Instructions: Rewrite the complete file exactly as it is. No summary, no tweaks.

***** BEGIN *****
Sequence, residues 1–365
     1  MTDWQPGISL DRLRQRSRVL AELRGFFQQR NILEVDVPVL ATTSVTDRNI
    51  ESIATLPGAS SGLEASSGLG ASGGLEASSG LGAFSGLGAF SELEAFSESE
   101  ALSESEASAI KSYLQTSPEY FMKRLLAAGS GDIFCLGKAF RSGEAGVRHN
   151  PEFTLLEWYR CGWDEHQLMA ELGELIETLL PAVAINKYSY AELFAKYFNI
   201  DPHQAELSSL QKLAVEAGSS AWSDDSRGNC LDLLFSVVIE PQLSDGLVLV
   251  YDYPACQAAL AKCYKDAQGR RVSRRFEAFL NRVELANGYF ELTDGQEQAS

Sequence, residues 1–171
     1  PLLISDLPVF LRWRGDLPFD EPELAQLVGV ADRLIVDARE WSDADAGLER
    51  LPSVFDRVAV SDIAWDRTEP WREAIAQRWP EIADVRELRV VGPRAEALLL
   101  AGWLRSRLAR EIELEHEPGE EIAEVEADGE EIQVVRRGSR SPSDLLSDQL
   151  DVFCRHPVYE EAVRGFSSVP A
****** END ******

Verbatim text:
Sequence, residues 1–365
     1  MTDWQPGISL DRLRQRSRVL AELRGFFQQR NILEVDVPVL ATTSVTDRNI
    51  ESIATLPGAS SGLEASSGLG ASGGLEASSG LGAFSGLGAF SELEAFSESE
   101  ALSESEASAI KSYLQTSPEY FMKRLLAAGS GDIFCLGKAF RSGEAGVRHN
   151  PEFTLLEWYR CGWDEHQLMA ELGELIETLL PAVAINKYSY AELFAKYFNI
   201  DPHQAELSSL QKLAVEAGSS AWSDDSRGNC LDLLFSVVIE PQLSDGLVLV
   251  YDYPACQAAL AKCYKDAQGR RVSRRFEAFL NRVELANGYF ELTDGQEQAS

Sequence, residues 1–171
     1  PLLISDLPVF LRWRGDLPFD EPELAQLVGV ADRLIVDARE WSDADAGLER
    51  LPSVFDRVAV SDIAWDRTEP WREAIAQRWP EIADVRELRV VGPRAEALLL
   101  AGWLRSRLAR EIELEHEPGE EIAEVEADGE EIQVVRRGSR SPSDLLSDQL
   151  DVFCRHPVYE EAVRGFSSVP A